His face had been bronzed almost to the color of a Blackfeet Indian's by frost and wind and sun, but it was of English type from the crisp fair hair above the broad forehead to the somewhat solid chin. The mouth was hidden by the bronze-tinted mustache, and the eyes alone were noticeable. They were gray, and there was a steadiness in them which was almost unusual even in that country where men look into long distances. For the rest, he was of average stature, and stood impassively straight, looking down upon the girl, without either grace or awkwardness, while his hard brown hands suggested, as his attire did, strenuous labor for a very small reward.

"Well," said the girl, with Western frankness, "there's a kind of stamp on Lance that you haven't got. I figure he brought it with him from the old country. Still, one might take you for him if you stood with the light behind you, and you're not quite a bad-looking man. It's a kind of pity you're so solemn."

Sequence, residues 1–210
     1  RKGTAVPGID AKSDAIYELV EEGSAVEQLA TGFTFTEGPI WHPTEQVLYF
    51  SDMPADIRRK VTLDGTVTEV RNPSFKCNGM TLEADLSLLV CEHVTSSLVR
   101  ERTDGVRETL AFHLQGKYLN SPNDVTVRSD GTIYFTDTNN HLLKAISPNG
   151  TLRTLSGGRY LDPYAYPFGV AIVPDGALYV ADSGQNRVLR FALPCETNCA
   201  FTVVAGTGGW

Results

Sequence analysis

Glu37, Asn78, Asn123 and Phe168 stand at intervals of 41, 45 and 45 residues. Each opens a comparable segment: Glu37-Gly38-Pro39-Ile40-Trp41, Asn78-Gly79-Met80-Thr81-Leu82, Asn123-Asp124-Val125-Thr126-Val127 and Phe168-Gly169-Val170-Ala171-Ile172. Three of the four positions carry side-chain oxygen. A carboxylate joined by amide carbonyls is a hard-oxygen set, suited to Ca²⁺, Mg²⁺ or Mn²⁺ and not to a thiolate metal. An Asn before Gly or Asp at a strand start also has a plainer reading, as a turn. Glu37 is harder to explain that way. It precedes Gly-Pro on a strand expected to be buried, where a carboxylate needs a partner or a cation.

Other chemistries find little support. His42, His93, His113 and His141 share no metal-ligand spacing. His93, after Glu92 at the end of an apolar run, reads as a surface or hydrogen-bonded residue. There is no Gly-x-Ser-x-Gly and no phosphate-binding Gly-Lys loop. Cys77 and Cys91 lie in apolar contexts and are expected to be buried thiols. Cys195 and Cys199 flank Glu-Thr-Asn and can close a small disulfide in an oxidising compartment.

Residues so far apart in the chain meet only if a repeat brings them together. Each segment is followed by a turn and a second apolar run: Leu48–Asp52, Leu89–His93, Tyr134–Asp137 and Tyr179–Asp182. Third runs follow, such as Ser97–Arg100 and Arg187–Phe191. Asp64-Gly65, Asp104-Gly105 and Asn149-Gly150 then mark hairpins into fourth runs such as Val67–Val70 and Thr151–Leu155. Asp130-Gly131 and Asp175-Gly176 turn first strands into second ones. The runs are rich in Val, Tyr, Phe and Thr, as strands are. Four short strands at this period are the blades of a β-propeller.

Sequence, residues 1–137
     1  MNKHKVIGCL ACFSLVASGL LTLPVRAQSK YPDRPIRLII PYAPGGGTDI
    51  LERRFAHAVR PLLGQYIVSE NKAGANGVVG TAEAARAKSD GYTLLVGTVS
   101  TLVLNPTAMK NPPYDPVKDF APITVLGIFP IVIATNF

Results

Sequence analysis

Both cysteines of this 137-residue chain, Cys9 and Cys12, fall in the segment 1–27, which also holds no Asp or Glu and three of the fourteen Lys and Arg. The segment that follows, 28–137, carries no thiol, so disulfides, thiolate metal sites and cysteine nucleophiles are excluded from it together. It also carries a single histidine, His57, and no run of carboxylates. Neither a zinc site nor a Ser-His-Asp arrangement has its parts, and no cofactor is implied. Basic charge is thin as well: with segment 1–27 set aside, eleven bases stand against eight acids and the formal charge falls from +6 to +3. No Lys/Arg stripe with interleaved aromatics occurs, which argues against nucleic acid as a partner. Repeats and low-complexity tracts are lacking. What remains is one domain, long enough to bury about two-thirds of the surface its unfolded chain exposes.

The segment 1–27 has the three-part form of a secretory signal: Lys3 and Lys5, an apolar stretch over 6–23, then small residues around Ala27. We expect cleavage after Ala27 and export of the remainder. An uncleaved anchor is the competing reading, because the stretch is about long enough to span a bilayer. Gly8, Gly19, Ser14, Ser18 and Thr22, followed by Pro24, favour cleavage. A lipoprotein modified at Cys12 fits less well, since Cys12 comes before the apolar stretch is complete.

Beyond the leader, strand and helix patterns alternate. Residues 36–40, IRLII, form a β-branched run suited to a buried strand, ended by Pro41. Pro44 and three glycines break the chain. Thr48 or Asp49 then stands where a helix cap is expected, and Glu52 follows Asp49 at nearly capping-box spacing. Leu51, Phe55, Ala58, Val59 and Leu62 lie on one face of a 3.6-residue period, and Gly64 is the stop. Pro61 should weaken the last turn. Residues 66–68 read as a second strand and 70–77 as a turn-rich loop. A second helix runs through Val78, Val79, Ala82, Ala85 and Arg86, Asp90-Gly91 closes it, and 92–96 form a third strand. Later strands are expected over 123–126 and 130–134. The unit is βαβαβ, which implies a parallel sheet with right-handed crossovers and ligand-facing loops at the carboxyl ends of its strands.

Winston smiled. "I don't fancy that's astonishing after losing two harvests in succession," he said. "You see there's nobody back there in the old country to send remittances to me."

The girl nodded with quick sympathy. "Oh, yes. The times are bad," she said. "Well, you read your letters, I'm not going to worry you."

Winston sat down and opened the first envelope under the big lamp. It was from a land agent and mortgage broker, and his face grew a trifle grimmer as he read, "In the present condition of the money market your request that we should carry you over is unreasonable, and we regret that unless you can extinguish at least half the loan we will be compelled to foreclose upon your holding."